What Is Percocet?

Percocet is the brand name of a combination medication used to treat moderate to severe pain. Its two main ingredients (oxycodone and acetaminophen) relieve pain through two mechanisms.

Oxycodone, an opioid pain reliever, affects the brain and changes how the body responds and feels pain. At the same time, acetaminophen helps lower any accompanying fever and changes how the body senses pain. Together, the combined effect results in a powerful euphoric effect, similar to the effects of heroin. Due to this, Percocet is often misused, with many people developing an addiction.

What Is Percocet Used For?

Percocet is used for pain relief and is most commonly prescribed after surgical and dental procedures. It is usually prescribed for short-term use until the most painful, immediate effects of the procedure pass and become more tolerable. It is recommended for people who have pain that will not be relieved by less potent medications.

Percocet is misused for its euphoric and relaxing effects, with physical tolerance developing as early as 48 hours after consistent use. This tolerance is characterized by someone needing to take a higher dose to obtain the expected effect.

Is Percocet Addictive?

Percocet can be addictive, even when used according to a physician’s advice. Oxycodone (the opioid in Percocet) is a Schedule II narcotic, meaning it has the highest abuse potential of all legal medications.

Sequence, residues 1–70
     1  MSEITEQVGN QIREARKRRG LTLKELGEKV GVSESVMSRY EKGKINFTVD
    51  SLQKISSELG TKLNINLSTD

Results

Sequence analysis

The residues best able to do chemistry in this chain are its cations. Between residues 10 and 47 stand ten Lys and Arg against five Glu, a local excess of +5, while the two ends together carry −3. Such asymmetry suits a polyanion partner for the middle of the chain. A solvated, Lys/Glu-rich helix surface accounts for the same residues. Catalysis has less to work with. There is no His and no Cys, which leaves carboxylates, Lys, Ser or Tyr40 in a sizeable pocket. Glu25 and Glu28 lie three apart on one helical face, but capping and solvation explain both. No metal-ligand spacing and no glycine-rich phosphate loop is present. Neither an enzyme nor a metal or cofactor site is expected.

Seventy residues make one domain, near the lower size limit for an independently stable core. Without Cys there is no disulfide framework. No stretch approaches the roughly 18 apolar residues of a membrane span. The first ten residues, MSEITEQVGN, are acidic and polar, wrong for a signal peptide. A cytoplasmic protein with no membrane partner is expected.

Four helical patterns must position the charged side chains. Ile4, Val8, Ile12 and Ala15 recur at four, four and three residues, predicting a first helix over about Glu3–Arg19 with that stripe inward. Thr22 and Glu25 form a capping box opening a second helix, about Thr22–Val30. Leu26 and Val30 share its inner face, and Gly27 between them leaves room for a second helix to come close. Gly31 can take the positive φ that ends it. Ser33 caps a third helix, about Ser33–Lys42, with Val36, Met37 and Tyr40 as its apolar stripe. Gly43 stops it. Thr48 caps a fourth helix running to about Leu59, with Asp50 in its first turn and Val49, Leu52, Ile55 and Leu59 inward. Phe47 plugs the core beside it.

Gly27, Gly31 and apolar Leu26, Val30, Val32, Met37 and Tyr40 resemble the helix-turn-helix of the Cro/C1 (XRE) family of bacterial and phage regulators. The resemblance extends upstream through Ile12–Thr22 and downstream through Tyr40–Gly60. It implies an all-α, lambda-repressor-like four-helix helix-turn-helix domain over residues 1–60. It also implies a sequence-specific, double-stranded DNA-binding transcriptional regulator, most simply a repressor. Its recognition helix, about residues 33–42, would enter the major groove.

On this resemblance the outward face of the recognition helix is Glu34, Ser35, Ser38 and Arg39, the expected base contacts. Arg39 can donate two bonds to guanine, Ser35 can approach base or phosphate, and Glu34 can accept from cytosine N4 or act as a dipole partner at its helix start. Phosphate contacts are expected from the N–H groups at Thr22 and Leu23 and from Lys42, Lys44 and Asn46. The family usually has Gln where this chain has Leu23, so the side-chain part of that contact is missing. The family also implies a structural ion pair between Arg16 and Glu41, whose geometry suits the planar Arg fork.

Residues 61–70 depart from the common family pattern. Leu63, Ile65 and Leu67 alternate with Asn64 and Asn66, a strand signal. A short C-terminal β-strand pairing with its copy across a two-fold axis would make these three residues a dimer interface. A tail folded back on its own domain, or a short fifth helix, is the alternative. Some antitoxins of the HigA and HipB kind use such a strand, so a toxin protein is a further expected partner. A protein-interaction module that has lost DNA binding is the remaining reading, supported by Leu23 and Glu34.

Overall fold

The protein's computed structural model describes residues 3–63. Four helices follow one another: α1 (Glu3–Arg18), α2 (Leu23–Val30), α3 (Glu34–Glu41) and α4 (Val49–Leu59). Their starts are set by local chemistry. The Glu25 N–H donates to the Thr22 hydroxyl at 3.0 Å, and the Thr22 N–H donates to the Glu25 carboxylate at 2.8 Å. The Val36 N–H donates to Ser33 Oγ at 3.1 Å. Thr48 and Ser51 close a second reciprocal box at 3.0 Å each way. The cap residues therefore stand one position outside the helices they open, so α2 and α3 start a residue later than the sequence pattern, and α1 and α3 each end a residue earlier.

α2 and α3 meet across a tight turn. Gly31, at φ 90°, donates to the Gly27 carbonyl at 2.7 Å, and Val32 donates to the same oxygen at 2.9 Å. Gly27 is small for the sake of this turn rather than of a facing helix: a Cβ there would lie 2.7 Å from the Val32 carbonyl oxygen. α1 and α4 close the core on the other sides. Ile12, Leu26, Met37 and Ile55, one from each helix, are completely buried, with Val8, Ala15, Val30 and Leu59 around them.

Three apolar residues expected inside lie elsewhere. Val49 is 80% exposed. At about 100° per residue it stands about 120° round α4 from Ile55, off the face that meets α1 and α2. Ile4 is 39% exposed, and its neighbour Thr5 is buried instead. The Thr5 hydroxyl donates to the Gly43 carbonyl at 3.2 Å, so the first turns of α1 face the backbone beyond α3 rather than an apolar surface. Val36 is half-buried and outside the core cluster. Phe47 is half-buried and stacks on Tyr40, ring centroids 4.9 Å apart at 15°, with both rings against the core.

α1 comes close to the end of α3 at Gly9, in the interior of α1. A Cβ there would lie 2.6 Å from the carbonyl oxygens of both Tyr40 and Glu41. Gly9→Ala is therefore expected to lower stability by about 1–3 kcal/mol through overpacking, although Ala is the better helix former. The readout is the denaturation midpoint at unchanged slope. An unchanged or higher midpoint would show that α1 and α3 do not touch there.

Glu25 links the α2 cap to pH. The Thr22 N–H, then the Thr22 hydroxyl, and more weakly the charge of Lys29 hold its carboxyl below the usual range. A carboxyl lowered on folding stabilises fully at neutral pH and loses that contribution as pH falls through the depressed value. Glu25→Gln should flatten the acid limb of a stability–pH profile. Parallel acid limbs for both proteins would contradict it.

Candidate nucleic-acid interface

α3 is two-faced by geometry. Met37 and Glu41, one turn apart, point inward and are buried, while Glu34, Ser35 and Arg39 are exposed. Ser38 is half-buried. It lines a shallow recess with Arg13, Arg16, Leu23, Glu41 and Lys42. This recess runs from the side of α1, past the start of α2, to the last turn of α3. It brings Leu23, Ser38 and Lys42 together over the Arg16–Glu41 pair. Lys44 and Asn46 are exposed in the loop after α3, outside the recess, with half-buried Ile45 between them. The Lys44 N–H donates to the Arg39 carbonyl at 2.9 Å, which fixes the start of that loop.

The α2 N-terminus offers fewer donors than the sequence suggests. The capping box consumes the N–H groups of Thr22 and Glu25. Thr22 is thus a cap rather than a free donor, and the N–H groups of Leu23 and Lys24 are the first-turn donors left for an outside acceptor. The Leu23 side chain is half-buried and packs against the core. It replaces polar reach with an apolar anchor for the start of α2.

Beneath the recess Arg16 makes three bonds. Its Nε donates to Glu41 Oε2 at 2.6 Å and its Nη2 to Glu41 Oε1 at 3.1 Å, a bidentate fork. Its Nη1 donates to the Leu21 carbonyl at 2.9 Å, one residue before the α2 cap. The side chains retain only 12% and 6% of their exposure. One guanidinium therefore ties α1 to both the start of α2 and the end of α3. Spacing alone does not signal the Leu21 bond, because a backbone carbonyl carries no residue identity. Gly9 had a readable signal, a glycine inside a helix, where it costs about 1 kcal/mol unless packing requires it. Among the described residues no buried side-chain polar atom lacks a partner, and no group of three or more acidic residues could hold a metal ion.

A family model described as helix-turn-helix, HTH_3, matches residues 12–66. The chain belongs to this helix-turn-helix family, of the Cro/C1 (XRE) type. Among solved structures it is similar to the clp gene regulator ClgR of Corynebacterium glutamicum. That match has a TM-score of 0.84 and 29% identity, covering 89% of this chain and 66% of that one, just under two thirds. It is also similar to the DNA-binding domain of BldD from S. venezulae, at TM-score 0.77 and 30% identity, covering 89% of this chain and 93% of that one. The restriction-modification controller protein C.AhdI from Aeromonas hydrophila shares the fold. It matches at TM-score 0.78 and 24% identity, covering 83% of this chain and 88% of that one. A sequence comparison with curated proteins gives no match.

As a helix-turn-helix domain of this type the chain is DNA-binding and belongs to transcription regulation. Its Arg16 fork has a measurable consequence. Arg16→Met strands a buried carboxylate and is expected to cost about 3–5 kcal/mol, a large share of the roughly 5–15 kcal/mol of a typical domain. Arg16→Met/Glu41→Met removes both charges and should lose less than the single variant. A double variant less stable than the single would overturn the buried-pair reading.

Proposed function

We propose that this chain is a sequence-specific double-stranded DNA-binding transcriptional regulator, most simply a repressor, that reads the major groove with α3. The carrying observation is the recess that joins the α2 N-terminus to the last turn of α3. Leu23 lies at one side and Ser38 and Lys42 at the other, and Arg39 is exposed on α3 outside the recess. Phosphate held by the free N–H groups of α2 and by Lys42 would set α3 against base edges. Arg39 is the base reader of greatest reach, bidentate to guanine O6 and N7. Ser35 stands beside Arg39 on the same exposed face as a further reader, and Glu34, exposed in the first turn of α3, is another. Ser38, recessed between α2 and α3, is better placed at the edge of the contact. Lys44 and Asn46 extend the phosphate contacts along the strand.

It is recommended that all people using Percocet, even for short periods, be monitored closely for signs of abuse and addiction. Misuse can be described as using the medication for rewarding psychological effects and not for pain relief.

Percocet addiction may involve patterns of behavior and thoughts that revolve around:

  • Craving the drug
  • Maintaining a supply of the drug
  • Experiencing difficulty in controlling its use
  • Making it the highest priority over people and activities
  • Having an increased tolerance
  • Experiencing symptoms of withdrawal in between doses

Side Effects

Percocet can produce respiratory depression by its actions on the brain stem. It can cause a decrease in the responsiveness of the respiratory system that triggers someone to take a breath. This can cause one of the most common and dangerous side effects of oxycodone, which is respiratory depression or stopped breathing.

Other common side effects are:

  • Constipation
  • Nausea/vomiting
  • Stomach cramps
  • Tiredness

  • Extra sleeping
  • Confusion
  • Headaches
  • Itchiness or rash


When purchased illegally, Percocet may unknowingly be laced with fentanyl, which can lead to an overdose. Likewise, the respiratory depression caused by Percocet misuse can also lead to overdose. A Percocet overdose has similar symptoms to an overdose caused by other opioids, such as:

  • Sedation/extreme drowsiness
  • Muscle weakness
  • Slowed heartbeat
  • Loss of consciousness
  • Shallow or slow breathing
  • Pinpoint pupils
  • Cold and clammy skin
  • Bluish lips and fingernails

Thankfully, the opioid-reversal drug naloxone helps to block and reverse the effects and should be kept on hand at all times if Percocet is being misused.

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Using the lowest amount of Percocet for the shortest period is recommended. The risk of developing an addiction is significant; therefore, only limited exposures are recommended. Percocet is available in four immediate-release tablets and two different liquid forms.


  • Percocet 2.5: oxycodone 2.5mg/acetaminophen 325mg
  • Percocet 5: oxycodone 5mg/acetaminophen 325mg
  • Percocet 7.5: oxycodone 7.5mg mg/acetaminophen 325mg